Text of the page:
# The Use of Self-Made Videos in a Blended Learning Classroom

♪[theme music] With that being said, go ahead and open
up your Chromebooks for us please. And go to our Google Classroom. Find Unit 3. By the end of our time with our Cornell
Notes today you should have the front page completed. Excellent. Alright. Seeing that everybody is there, go ahead
and click on the video and begin your Cornell Notes. [Audio playing on computer] Alright, so
we’re going to be starting our next unit which involves ratios,
rates, and proportions. Okay we’re going to go through our Cornell Notes
process like we’ve done in the past. Blended learning is when we’re using
technology along with the teacher inside the classroom uh to help facilitate our
learning process and our objective to the students. Whatever that might be on a
given day or during a given lesson. Uh, we use that method because uh it allows
the students to engage directly with the video so there’s not a buffer
between the teacher per Se and the lesson being given or what’s being
talked about. Uh they are it’s right in their ear and right in their face. And so there
are no opportunities for distractions. So I was looking back at the sixth grade
standards because remember that guide we have, uh that the uh secondary math put
together where it talks about the standards that they should have already covered, the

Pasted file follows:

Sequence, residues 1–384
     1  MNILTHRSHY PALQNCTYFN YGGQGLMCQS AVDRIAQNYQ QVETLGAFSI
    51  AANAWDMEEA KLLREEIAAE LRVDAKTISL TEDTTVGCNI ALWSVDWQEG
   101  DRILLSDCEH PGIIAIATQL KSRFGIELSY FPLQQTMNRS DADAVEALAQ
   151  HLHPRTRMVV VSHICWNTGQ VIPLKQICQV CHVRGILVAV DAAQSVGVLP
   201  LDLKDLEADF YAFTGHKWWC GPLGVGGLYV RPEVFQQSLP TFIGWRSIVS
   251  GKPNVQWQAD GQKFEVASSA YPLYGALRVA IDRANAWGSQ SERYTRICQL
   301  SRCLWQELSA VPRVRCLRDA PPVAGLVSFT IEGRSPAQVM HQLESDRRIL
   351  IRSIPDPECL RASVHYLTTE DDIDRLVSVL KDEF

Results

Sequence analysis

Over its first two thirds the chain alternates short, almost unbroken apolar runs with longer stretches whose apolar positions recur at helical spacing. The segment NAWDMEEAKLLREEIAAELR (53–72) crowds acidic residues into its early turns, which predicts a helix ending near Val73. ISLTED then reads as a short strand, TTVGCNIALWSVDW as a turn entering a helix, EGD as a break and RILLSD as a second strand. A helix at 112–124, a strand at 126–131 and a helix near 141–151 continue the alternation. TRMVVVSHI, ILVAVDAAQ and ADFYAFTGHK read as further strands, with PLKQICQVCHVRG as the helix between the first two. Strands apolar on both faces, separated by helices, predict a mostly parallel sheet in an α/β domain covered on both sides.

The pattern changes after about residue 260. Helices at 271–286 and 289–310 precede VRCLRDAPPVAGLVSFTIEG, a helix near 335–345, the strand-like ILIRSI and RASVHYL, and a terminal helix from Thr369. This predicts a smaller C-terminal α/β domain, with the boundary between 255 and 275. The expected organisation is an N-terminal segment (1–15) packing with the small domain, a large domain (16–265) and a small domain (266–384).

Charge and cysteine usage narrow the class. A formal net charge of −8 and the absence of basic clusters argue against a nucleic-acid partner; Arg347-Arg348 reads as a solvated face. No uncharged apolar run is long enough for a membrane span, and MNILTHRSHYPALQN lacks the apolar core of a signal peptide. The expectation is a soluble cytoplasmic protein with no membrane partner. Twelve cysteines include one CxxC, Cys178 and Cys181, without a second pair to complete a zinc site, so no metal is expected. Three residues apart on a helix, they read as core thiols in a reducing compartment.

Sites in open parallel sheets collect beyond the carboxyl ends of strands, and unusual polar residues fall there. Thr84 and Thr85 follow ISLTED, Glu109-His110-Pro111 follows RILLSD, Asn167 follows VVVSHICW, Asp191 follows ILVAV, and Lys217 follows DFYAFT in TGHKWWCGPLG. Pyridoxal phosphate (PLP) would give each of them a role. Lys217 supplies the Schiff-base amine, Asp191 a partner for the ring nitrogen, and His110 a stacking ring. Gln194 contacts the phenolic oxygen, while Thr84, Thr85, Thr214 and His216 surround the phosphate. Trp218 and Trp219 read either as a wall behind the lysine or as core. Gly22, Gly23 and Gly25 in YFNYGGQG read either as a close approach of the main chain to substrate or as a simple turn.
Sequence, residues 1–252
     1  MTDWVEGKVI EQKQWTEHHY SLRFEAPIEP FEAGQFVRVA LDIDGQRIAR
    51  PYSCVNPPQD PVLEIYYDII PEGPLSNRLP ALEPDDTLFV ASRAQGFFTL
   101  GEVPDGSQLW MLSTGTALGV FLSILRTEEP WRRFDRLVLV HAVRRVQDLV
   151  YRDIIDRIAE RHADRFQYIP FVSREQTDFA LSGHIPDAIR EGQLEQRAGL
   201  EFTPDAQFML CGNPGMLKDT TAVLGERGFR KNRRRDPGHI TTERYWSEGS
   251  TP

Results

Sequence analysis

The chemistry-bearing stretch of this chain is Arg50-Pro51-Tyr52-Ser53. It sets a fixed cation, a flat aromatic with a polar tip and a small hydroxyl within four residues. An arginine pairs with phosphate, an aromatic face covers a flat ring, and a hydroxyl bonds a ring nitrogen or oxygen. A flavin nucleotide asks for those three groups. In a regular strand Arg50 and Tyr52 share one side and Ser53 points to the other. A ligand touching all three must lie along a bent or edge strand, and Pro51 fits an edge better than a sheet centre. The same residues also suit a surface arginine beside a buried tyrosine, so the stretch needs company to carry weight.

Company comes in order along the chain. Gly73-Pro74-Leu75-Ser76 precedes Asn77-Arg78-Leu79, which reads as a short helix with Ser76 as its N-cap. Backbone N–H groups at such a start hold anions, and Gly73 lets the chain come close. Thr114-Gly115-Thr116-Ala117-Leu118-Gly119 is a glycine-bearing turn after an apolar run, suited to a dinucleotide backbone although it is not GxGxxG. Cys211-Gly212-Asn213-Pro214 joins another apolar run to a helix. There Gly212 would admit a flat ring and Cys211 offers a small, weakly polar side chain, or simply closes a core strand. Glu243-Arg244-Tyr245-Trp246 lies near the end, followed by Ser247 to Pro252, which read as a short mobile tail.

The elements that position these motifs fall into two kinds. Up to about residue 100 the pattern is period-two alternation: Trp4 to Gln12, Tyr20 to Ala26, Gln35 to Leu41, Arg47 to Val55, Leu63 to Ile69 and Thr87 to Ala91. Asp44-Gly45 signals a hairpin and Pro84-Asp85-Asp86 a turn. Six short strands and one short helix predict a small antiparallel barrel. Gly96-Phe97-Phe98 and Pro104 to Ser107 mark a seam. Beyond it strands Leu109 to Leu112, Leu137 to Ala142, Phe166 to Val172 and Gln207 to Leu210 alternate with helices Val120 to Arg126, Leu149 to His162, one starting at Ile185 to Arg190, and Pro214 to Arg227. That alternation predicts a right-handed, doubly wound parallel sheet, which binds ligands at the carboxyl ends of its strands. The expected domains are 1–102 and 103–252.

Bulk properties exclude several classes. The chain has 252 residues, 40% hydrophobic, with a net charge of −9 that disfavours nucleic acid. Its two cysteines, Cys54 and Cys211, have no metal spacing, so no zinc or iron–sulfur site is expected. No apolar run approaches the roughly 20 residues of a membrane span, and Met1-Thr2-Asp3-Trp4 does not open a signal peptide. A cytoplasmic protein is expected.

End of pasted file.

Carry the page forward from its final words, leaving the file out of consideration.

standards that they’re going to cover in 8th grade. So I was looking at last year’s standards
and I saw one big blaring difference. You know how it says here, compute unit
rates associated with ratios of fractions, including ratios of length,
area, blah, blah, blah. So basically what it’s telling us is the
difference between sixth and seventh grade is that in sixth grade they would
do rates such as say, four… We were uh you know going to be begin a
new unit of ratios and proportions and we understand that uh student in the sixth
grade they were finding the unit rate using just whole numbers. Nonetheless we wanted to remind the students
of the steps of finding the unit rate. And so we went about it through a blended
classroom where the students were able to not only watch a video, take some Cornell
Notes, reflect on the their thinking but then collaborate also. Hey class, how you doing? Alright, so
we’re going to be starting our next unit which involves ratios, rates, and
proportions. Okay, we’re going to go through our Cornell Notes process like we’ve done
in the past. And so um what you see me talking through here, and also
what you see me writing down… guess what you should be doing? That’s right, you should be
writing it down also. Okay… We made a video instead of just standing up
and teaching it in front of the classroom for several reasons. If you look at um
recent studies of how people learn, mainly students, middle school students. So they
actually seem to have more engagement with the technology, with videos. I mean they’ll
watch a YouTube of someone unpacking a box for ten minutes and be able to
regurgitate what that person did. So you’re still going to exactly what we
did in sixth grade. You’re going to create your ratio of one half over one fourth
and make it a rate by adding your units. -And just so you know really quick you
guys, this is what we talked about earlier uh a complex fraction which means
a fraction over a fraction. -There’s nothing fancy. We literally just
if-if one of us makes a video we will literally hold it in our left
hand and write at the same time. -After we record the uh videos on the phone,
we upload them and we put them on our onto our Google Classroom and students
access them from there and they’re able to you know play, play as much as they want,